This is going to be a slugfest. Some hotels view resort fees as key to business and argue that they are already transparent in how they advertise them. Consumers, states, and now federal legislators are putting great pressure on that notion. Something's gotta give — and the status quo is not a likely winner.
New bipartisan legislation in the U.S. Congress would change the way hotels and online travel agencies display what one supporter called “the most-hated fee in travel,” hotel resort fees.
Democratic Congresswoman Eddie Bernice Johnson of Texas and her Republican peer Jeff Fortenberry of Nebraska have introduced the Hotel Advertising Transparency Act of 2019, a measure that would bar hotels, any other type of short-term rentals, or a “person” from advertising rates that don’t include all fees, except for government-imposed taxes and fees.
There would be penalties for any person or entity that advertises rooms without including these fees, which are variously called resort fees, destination fees, cleaning fees, or facility fees, for example, in the initially listed room rate.
In the legislators’ announcement about the proposed law, Lauren Wolfe, attorney for Travelers United, a consumer nonprofit backing the measure, said, “The U.S. Congress is taking on the most-hated fee in travel. We urge Congress to support this bipartisan common-sense bill. It is important to note that this bill does not just cover mandatory fees for hotels, but it also will require that all fees are disclosed in the advertised rate for short-term rentals.”
Other supporters of the bill include Consumer Reports, the Business Travel Coalition, Consumer Action, Consumer Federation of America, the National Consumers League, and U.S. Public Interest Research Group.
The measure, if it eventually makes its way through Congress and gets signed by the president, would upend how hotel websites and online travel agencies display hotel rates and fees. Today hotels that charge such resort fees generally separate them from the base room rate, and often disclose them in ways that can be misleading to consumers.
For example, consider a listing for Marriott International’s The Westin New York Times Square — which charges a $30 per night “destination fee” — for an October 9 stay.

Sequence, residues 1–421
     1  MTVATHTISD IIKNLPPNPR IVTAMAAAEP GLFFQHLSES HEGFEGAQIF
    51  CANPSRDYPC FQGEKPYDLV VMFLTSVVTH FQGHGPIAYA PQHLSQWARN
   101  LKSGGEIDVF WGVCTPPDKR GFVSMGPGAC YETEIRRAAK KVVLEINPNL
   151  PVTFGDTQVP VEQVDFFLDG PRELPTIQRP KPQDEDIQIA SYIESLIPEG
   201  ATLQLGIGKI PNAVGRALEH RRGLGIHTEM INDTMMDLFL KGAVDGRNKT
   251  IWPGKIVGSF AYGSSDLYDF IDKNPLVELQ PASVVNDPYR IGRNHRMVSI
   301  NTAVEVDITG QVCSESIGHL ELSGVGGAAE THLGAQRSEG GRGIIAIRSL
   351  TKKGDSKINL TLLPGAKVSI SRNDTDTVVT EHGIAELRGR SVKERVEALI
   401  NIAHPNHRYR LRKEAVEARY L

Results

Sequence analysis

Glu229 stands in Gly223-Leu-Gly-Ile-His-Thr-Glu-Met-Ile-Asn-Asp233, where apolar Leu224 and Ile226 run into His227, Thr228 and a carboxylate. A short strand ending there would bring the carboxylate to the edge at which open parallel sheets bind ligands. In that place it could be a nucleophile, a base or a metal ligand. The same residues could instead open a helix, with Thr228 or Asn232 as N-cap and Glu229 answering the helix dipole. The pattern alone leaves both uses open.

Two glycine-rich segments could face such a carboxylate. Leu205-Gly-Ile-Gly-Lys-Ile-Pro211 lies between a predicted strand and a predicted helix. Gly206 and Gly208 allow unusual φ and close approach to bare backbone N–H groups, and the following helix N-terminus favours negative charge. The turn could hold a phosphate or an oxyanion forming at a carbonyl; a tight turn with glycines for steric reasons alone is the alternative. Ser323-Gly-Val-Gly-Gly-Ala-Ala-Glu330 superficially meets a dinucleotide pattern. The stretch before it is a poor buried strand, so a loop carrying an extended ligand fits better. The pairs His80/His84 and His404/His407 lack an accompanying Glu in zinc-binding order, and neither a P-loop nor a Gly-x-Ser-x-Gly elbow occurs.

- The initial listing on Marriott.com states the rate is from $401 per night. There is no inkling of a destination fee on top of that rate.
- Marriott has a relatively new feature on the second screen: a disclosure atop the listing that says, “Please note-US30 daily destination fee added to room rate includes US30 food-beverage credit/premium Internet/1 tour pass and more.” However, if you select the “Rate Details” drop-down menu alongside a $401 member rate or a $409 regular rate for a king bed in a grand deluxe room, there is nothing detailed about the destination fee.
- When you navigate to the third screen to review reservation details, it says $409 per night, and $98.25 in “taxes and fees,” for a subtotal of $507.25. It doesn’t say anything about a nightly resort fee, although that’s included in the total rate. And you’d need to open a drop-down menu, Summary of Charges, to see the $30 “destination amenity fee” disclosed.
- After booking the room, the fourth screen on Marriott.com lists the total rate of $507.25, but only discloses the destination fee in smaller type under details of the stay.
Hotel resort fees have become controversial in recent years. The U.S. Federal Trade Commission has been warning hotels and online travel agencies to get more transparent about hotel-fee disclosures since 2012; the District of Columbia sued Marriott International in July over “deceptive” resort fee disclosures; shortly thereafter the Nebraska state attorney general sued Hilton over resort fees, and Booking Holdings turned up the heat on hotels early that month when it announced the company would begin charging hotels commissions not just on the room rate, but on resort fees, as well.